Some properties are being advertised as a short sale when they really aren’t in an attempt to lure bargain-hunter buyers. A new book,Foreclosures, Short Sales, REOs, and Auctions: Tools for Success in Today’s Real Estate Market, published by Dearborn, provides guidelines for using the term correctly. Here’s an exclusive excerpt:
There are a number of licensees who are attempting to attract buyers by using the term short sale in marketing property. It is very similar to the furniture stores that are constantly advertising that they are going out of business to draw purchasers. The fact that a home has lost value or that the loan has increased in amount and is now more than the value of the property does not automatically make the transaction a short sale.
It’s important that a licensee conduct a thorough analysis, not only of the property value and loans but of the prospective seller’s financial condition as well. As was indicated, according to some licensees who are experts in the field, only a small percentage of short sales are approved by lenders.
What is to be gained by these licensees who advertise properties as short sales when they really aren’t? The answer is attracting more buyers, of course.
Some licensees are describing properties as preforeclosure listing or short sale and use the terms synonymously. Appropriately, a preforeclosure sale of property would involve one where the owner is in default. The property may or may not be worth less than the loan amount.
On the other hand there are owners who are not in default attempting to sell a property for less than the amount of the loan who appropriately call the transaction a short sale.
Is it a short sale if the lender has not approved a sale? How can a lender approve a transaction without having an offer from a buyer? What can be done about these situations? It may be as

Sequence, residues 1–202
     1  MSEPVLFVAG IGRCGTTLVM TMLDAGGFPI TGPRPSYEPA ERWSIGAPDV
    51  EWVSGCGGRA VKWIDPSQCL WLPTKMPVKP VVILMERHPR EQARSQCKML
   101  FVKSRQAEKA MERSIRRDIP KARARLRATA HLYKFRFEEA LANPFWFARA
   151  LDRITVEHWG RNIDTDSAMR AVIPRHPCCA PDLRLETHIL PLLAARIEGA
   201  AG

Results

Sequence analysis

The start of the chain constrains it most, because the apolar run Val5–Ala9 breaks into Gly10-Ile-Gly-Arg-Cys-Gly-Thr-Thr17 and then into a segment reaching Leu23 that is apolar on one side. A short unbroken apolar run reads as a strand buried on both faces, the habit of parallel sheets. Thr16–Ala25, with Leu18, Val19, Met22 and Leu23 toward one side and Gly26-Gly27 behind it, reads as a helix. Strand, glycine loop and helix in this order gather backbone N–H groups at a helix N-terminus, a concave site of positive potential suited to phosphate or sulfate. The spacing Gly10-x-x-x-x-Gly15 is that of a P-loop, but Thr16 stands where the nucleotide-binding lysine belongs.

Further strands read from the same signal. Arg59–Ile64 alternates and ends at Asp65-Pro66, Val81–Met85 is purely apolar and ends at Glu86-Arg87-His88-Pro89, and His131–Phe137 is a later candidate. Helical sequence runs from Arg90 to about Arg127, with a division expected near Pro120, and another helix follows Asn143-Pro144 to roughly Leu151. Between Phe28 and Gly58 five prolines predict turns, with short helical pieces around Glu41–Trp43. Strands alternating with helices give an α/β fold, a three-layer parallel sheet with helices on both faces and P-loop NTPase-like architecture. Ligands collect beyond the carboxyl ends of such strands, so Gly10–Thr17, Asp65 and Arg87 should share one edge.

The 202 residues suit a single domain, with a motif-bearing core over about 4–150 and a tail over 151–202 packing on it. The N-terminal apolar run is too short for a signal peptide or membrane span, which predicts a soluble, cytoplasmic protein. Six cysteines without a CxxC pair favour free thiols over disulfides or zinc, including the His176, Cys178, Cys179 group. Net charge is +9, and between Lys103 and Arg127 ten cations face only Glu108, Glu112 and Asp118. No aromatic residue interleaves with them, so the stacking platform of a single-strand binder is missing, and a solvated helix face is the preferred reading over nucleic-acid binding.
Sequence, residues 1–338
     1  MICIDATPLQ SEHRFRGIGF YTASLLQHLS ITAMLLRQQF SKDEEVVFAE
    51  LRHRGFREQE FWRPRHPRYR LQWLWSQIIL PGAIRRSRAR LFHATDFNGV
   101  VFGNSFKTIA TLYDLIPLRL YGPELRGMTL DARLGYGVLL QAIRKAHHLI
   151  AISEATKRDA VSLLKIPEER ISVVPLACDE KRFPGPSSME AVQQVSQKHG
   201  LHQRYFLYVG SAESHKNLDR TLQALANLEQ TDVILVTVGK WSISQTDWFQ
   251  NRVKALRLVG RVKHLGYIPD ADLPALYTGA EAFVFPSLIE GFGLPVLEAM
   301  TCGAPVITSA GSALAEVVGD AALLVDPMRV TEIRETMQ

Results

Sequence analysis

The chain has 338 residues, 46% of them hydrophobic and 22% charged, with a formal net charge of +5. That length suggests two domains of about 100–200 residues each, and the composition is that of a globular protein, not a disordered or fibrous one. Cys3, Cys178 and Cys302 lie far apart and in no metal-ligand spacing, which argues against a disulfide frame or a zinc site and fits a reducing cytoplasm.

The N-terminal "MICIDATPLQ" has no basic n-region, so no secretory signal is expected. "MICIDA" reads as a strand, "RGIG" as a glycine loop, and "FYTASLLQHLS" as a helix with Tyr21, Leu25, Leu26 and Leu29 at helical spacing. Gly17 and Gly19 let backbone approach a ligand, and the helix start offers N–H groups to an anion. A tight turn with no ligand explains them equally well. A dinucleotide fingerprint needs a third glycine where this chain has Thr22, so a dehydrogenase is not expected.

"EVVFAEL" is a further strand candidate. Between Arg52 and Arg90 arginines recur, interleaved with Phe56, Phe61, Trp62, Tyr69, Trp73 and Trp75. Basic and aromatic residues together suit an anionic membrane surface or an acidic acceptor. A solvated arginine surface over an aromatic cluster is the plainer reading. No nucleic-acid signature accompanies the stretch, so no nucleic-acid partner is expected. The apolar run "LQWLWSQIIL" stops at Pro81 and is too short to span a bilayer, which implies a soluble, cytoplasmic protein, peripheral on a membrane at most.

simple as indicating a property is a possible short sale. Additionally, standards and rules can be developed to curb the abuses.
In May 2008 the NATIONAL ASSOCIATION OF REALTORS® approved new model rules that would allow a real estate practitioner to alert fellow licensees to potential short sales and notify them that it is possible the lender could require a reduction in the gross commission and that the cooperating broker would share in the reduction of the commission received. Each MLS may decide whether or not to require their participants to make a disclosure if it is reasonably likely there could be a short sale.
It is common in short sales for the lender who is considering discounting the loan amount to seek others who are willing to sacrifice as well, including the real estate broker who has the short sale listing.
The question becomes, when the listing broker chooses to reduce his or her commission, is he or she still obligated to pay a cooperating broker the commission published in the MLS? Too often, this issue is left unresolved and harsh feelings develop as a result.
While the model rules do not make it a requirement of submitting a listing to a multiple listing service, it would be considered good practice to place a conditional offer of compensation to cooperating brokers in the “Remarks” section of the property information sheet that clarifies what the agreement with the listing broker is going to be.
Such an agreement could be: “Both the sale of the property and the gross commission payable is subject to lender approval.”
What would put the cooperating broker on notice that his or her commission is truly subject to the lender’s discretion would be the additional agreement: “Any reduction in total compensation by the lender is to be split 50/50 between listing and selling agents.”
Of course the percentage amount of the split is totally at the discretion of the listing broker. The important thing is that the cooperating broker is put on notice up front and if the terms of the agreement are not satisfactory to them they may not show the property.
In the absence of such phraseology in the MLS a diligent agent will want to call the listing agent and clarify exactly what the agreement is before performing actions. No one is required to work for free. If a cooperating broker should choose to show a property whose commission is unclear at best, or is unhappy with any offered commission, he or she could insure the desired compensation by using a buyer’s broker agreement.
This textbook is currently used across the country in continuing education classes for real estate agents and mortgage bankers. Please note that this book can be purchased through RECampus for professional development purposes; however, it cannot be purchased through RECampus for continuing education credit. Visit the Dearborn Education site to purchase the book.